Fox News’s Jeanine Pirro, a former judge and former prosecutor, was pretty upset that Impeachment Manager Adam Schiff (D-Calif) asserted on Tuesday that President Donald Trump was not innocent. Pirro knows that a prosecutor’s job is to argue a case against someone at a trial, not argue for their innocence, but that’s not what she said.
Prosecutor Adam Schiff says @realDonaldTrump is not innocent! Way to go Democrats. No presumption of innocence, no constitutional guarantees. Welcome to America under Democrat rule. #outrage #prejudice #unfair #unjust #unconstitutional
— Jeanine Pirro (@JudgeJeanine) January 21, 2020
“Prosecutor Adam Schiff says @realDonaldTrump is not innocent! Way to go Democrats. No presumption of innocence, no constitutional guarantees,” she tweeted. “Welcome to America under Democrat rule. #outrage #prejudice #unfair #unjust #unconstitutional.”
Presumption of innocence in this country means that the accused is innocent until a prosecutor proves otherwise beyond a reasonable doubt before a judge or jury. That doesn’t mean the prosecutor can’t argue a defendant is guilty at a trial; that’s their job. And Schiff, in his Impeachment Manager role, is arguing the case against the president. Pirro even referred to Schiff as a prosecutor.
Here’s what Schiff said [emphasis ours]:
Let me be blunt. Let me be very blunt. Right now a great many, perhaps even most Americans, do not believe there will be a fair trial. They don’t believe that the Senate will be impartial. They believe that the result is precooked. The president will be acquitted, not because he is innocent, he is not, but because the senators will vote by party and he has the votes; the votes to prevent the evidence from coming out, the votes to make sure the public never sees it.
Non-lawyers and lawyers alike recognized how ridiculous the above statement from Pirro was.
"Ladies and Gentlemen of the jury — I have no idea if the defendant is guilty. Who knows, really? I'm gonna give him the benefit of the doubt and assume he's innocent. Now on with the trial!"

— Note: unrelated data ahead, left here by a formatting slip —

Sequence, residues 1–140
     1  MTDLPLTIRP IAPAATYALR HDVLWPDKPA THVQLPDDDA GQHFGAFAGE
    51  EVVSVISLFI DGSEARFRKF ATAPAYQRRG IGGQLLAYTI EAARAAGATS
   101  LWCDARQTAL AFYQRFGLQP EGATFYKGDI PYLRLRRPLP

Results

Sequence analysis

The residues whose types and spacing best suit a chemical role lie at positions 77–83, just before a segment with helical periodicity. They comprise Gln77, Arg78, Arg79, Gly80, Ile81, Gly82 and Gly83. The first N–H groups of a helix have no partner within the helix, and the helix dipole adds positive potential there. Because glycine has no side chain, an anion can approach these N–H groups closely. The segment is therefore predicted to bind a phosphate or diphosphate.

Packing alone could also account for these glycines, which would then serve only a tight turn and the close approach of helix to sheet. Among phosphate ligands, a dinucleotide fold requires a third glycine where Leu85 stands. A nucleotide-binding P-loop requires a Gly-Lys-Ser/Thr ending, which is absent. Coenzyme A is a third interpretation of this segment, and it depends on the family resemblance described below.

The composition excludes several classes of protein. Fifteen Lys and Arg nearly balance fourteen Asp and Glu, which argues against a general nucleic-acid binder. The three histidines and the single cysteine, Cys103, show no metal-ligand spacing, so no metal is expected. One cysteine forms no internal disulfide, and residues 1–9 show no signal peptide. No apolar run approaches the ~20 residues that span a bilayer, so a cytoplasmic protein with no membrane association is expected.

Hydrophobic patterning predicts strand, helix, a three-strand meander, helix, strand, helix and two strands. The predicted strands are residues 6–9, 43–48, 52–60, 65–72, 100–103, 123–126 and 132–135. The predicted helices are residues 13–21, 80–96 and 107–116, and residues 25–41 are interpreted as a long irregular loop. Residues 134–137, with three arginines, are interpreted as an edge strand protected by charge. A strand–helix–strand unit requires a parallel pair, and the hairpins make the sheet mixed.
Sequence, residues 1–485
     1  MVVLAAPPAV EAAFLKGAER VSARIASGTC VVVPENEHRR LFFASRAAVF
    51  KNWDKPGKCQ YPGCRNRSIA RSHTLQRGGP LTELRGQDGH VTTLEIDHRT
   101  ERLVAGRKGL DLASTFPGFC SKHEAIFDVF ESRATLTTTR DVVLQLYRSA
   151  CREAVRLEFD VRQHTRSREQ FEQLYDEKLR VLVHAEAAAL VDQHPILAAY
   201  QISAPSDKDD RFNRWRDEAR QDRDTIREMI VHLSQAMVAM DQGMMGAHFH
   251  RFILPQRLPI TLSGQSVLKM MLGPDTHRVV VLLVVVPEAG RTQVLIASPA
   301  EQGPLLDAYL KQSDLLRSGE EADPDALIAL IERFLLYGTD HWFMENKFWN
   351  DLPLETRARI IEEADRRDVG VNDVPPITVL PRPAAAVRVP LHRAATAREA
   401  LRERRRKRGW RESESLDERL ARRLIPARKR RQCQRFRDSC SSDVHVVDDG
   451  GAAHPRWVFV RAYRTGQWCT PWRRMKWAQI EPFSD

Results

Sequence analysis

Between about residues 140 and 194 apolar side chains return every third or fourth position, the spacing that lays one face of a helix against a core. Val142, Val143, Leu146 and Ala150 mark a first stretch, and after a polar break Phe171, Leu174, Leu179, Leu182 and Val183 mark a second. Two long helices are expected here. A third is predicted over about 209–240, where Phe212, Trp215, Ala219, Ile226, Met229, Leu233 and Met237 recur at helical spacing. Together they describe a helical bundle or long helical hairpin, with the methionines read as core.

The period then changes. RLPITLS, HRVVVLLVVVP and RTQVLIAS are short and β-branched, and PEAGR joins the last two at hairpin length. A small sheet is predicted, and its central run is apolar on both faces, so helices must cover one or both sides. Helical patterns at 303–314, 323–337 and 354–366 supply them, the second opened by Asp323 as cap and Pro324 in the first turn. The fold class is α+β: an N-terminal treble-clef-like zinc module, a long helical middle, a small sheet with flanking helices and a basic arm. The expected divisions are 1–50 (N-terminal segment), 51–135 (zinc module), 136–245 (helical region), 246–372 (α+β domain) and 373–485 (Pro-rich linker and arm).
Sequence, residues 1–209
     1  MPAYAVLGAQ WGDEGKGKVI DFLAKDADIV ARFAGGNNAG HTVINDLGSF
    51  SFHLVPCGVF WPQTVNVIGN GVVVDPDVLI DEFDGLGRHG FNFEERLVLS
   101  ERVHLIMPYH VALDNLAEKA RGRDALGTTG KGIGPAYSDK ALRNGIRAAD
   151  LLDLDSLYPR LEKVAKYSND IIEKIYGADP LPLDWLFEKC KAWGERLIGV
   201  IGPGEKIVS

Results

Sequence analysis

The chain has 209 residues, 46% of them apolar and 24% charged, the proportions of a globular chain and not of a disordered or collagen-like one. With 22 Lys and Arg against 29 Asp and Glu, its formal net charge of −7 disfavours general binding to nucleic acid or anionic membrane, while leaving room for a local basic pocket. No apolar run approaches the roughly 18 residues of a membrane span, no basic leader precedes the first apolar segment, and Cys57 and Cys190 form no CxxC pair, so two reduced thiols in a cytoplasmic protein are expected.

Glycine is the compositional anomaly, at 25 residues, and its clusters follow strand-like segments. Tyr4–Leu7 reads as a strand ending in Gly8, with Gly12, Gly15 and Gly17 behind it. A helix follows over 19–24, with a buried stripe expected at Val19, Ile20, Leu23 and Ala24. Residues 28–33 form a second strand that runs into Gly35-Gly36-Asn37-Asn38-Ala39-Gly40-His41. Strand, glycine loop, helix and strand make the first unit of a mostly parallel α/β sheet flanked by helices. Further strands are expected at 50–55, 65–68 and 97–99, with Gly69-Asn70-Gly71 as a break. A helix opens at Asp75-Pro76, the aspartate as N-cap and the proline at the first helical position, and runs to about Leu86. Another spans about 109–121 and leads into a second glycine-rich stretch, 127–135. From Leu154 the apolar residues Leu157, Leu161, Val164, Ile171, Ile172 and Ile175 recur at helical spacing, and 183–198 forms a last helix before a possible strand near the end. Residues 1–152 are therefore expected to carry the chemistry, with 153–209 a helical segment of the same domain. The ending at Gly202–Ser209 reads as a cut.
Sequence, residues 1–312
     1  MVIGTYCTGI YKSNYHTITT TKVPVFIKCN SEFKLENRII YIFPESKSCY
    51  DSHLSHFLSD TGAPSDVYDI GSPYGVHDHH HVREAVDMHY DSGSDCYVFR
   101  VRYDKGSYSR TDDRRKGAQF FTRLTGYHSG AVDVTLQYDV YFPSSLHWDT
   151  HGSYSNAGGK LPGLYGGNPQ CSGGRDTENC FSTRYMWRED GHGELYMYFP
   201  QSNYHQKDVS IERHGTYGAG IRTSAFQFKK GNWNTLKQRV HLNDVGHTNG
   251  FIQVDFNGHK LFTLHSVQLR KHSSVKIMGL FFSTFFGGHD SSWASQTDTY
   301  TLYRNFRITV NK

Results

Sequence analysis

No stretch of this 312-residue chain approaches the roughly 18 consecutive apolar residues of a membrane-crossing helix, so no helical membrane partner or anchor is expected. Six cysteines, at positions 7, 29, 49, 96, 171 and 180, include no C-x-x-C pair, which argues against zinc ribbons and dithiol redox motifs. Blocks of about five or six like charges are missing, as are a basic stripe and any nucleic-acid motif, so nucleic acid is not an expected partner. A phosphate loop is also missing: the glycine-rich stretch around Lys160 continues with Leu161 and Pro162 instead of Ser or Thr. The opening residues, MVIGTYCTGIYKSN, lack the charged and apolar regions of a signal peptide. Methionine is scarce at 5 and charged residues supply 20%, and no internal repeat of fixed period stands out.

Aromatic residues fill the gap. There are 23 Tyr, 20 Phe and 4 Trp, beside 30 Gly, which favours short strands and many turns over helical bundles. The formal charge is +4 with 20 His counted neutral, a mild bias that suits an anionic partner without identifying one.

— Jeanine Pirro, former District Attorney, at the beginning of every trial https://t.co/ITpPATmdYe
— Ken Tremendous (@KenTremendous) January 22, 2020
Have you ever watched a criminal trial? The prosecutor always argues that the defendant is guilty. That’s literally the point of the trial. https://t.co/1k6J6sBQA5
— Renato Mariotti (@renato_mariotti) January 22, 2020
Pirro is a former prosecutor. How much do you want to bet that she labeled the people that she was prosecuting were guilty? https://t.co/HrytvFDoji
— Don Moynihan (@donmoyn) January 21, 2020
In case you need a refresher pic.twitter.com/ad8smn0MOB
— Lynne Nelson (@Ljtnelson) January 22, 2020
It’s called marshaling the (mountain of) evidence & making arguments. That’s literally his job here. https://t.co/yX39mGooVl
— Mimi Rocah (@Mimirocah1) January 22, 2020
Good lord. A hundred forty years ago when you were a prosecutor, at trial you too said the defendant was guilty. Remember how it works? https://t.co/TOvHrqrJw6
— Preet Bharara (@PreetBharara) January 22, 2020
And for what it’s worth, the record shows that when then-Westchester DA Pirro’s then-husband Albert J. Pirro Jr. was on trial for tax fraud, prosecutors didn’t say over the course of a five-week trial that Mr. Pirro was innocent. Per the New York Times in 2000:
During the five-week trial, government prosecutors referred to thousands of pages of tax returns, invoices and canceled checks in presenting their portrait of Albert Pirro as a wealthy man who decided to cheat on his taxes to become wealthier. And in so doing, they uncorked intimate details about the Pirros’ private lives and spending habits on airplane tickets, country club outings, fine art, classic cars and more.
[Image via Eduardo Munoz Alvarez/AFP/Getty Images, CBS screengrab]